The dawn of the mass-produced electric car is knocking on our door. In the very near future, battery-powered vehicles will swarm our roads by hundreds of thousands. While the demise of the internal combustion engine may be imminent, the culture of hot-rodding is far from dead. The guys over at Tapp Auto have taken the first steps into mixing electric car parts and built a legitimate electrified hot rod.
The chassis, a kit car called the 818, is built to accept an engine from a mid-2000s WRX. Many people, however, have modified the engine bay to fit everything from an LS1 to a . Tapp Auto took a different approach, and dropped in the motor from a Tesla Model S to power the rear wheels. Supplying energy to that motor are two Chevy Volt batteries, mounted in the middle of the car. Mashing together parts from different manufacturers and doing a burnout in the finished product—this is hot-rodding at its finest.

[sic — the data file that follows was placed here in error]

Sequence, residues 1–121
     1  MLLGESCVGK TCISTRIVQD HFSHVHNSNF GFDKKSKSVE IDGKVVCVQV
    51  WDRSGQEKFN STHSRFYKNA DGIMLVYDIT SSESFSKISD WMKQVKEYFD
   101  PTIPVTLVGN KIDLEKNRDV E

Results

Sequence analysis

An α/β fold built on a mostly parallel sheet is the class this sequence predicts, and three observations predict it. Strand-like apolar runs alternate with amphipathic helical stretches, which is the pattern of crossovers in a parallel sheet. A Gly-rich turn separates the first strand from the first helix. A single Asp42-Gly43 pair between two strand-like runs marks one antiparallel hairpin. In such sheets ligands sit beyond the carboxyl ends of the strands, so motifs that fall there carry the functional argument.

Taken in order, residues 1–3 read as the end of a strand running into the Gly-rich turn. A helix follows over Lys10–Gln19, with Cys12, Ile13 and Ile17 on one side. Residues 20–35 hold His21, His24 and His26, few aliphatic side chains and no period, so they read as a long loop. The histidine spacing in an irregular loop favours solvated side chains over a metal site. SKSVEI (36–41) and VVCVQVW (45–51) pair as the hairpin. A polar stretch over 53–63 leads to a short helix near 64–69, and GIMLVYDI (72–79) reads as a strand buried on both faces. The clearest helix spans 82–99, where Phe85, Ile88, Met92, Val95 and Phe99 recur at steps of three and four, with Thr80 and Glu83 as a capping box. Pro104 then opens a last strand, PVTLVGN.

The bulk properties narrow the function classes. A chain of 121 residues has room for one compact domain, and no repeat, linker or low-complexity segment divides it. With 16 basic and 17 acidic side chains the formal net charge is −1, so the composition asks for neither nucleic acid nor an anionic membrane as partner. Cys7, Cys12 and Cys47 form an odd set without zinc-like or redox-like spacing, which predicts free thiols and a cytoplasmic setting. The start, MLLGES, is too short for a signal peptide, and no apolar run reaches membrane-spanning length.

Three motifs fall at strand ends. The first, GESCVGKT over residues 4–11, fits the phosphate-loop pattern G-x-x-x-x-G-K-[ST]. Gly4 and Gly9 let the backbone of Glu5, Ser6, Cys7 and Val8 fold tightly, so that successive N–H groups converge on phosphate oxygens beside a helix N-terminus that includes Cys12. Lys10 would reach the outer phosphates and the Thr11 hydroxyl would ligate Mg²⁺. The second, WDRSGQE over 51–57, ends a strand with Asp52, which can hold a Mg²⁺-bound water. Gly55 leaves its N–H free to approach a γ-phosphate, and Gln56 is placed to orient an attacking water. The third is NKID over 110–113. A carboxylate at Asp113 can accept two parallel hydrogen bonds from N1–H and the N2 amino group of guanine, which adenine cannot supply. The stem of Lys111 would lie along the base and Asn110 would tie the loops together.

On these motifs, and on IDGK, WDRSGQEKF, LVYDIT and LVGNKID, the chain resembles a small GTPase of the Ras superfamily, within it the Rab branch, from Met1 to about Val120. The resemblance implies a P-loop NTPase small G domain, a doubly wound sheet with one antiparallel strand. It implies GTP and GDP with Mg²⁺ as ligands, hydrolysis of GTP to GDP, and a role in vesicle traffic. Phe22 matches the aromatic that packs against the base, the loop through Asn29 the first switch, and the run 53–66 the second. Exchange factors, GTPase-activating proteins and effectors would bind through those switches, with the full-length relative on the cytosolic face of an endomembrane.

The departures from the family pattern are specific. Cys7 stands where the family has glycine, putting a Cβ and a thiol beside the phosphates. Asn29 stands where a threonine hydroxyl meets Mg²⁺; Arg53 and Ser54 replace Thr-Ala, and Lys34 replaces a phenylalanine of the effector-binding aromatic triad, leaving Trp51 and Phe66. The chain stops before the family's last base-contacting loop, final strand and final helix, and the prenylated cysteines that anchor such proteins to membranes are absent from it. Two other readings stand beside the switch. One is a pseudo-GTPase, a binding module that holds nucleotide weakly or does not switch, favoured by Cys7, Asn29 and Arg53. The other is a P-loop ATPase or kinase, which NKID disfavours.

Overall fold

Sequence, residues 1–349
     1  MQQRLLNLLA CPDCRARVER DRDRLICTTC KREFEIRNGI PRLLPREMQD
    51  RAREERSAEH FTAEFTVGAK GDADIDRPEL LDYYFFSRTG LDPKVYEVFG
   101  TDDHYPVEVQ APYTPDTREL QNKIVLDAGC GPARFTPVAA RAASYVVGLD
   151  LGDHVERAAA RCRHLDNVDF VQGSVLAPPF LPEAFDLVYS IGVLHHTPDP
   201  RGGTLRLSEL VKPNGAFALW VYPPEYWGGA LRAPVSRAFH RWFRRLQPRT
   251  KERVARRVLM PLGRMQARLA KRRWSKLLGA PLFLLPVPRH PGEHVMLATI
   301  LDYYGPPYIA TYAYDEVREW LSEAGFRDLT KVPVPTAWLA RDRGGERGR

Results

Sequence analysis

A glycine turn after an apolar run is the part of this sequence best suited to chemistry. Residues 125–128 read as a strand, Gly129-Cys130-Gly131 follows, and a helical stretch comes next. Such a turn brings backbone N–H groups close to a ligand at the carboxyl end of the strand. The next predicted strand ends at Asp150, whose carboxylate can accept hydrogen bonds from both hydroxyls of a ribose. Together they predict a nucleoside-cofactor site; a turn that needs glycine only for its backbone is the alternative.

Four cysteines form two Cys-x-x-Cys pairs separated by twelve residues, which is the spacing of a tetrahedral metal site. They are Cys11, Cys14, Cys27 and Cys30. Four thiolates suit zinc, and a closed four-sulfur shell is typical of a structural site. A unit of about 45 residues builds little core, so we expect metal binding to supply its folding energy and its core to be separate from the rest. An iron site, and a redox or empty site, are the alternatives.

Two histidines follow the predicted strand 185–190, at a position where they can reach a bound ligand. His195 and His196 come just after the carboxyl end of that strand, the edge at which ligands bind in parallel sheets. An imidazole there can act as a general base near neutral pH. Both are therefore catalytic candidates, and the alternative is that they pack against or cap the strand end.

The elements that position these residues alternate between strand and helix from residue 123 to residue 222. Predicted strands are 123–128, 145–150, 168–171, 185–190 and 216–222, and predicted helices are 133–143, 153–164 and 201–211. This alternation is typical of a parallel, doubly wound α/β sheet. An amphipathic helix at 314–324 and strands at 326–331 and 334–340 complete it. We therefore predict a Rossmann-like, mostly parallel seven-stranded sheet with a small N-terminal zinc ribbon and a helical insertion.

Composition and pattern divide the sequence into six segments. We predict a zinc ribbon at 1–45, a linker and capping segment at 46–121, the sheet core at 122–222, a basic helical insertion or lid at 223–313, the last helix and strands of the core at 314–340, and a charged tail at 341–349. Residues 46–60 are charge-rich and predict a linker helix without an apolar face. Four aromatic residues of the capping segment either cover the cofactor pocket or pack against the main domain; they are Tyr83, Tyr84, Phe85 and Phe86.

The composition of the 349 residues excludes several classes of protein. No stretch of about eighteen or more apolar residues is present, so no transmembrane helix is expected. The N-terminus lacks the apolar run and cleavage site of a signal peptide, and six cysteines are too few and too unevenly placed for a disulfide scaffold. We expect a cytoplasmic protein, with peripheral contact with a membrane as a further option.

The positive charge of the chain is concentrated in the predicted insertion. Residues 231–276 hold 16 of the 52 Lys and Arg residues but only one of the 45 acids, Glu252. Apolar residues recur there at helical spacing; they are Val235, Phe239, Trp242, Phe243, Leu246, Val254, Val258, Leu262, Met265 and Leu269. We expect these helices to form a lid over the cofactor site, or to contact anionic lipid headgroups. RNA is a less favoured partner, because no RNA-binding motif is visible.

Tapp Auto had to create its own software to get all of the components to work nicely together, but the result of all that complex computing is over 400 horsepower and an 11.5-second quarter mile. At only 2500 pounds, it should be a hoot to throw around corners too.
Youtuber threw together a video about the car, and all of the initial testing it's done. Dyno runs, quarter-mile drags, and of course, a huge smokey burnout.